What Were the Chances the South Would Win?
Victory or Repudiation? The Probability of the Southern Confederacy Winning
the Civil War
Marc Weidenmier & Kim Oosterlinck
NBER Working Paper, November 2007
Historians have long wondered whether the Southern Confederacy had a
realistic chance at winning the American Civil War. We provide some
quantitative evidence on this question by introducing a new methodology for
estimating the probability of winning a civil war or revolution based on
decisions in financial markets. Using a unique dataset of Confederate gold
bonds in Amsterdam, we apply this methodology to estimate the probability of
a Southern victory from the summer of 1863 until the end of the war. Our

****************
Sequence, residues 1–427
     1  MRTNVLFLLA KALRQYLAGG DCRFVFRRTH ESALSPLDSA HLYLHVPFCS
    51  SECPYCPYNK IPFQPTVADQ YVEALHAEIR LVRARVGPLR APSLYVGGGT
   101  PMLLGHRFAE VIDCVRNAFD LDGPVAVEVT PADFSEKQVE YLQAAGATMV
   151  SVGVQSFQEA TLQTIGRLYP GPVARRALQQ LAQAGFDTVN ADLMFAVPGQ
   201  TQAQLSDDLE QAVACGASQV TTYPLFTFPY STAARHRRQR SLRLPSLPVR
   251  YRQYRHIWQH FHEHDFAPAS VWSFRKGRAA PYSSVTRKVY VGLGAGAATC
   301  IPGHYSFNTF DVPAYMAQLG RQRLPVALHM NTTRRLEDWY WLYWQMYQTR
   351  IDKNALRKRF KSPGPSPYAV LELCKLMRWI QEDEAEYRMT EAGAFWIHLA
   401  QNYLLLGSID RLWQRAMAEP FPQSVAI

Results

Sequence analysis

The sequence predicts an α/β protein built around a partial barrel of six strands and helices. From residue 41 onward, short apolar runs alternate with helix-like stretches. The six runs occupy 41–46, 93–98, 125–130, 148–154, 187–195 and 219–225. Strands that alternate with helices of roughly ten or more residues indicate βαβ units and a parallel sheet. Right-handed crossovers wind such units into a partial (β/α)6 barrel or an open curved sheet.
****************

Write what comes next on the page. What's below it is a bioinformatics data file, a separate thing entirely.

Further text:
results suggest that European investors gave the Confederacy approximately a
42 percent chance of victory prior to the battle of Gettysburg/Vicksburg.
News of the severity of the two rebel defeats led to a sell-off in
Confederate bonds. By the end of 1863, the probability of a Southern victory
fell to about 15 percent. Confederate victory prospects generally decreased
for the remainder of the war. The analysis also suggests that McClellan's
possible election as U.S. President on a peace party platform as well as
Confederate military victories in 1864 did little to reverse the market's
assessment that the South would probably lose the Civil War.
This use of financial markets data is far too rare in political science, and history.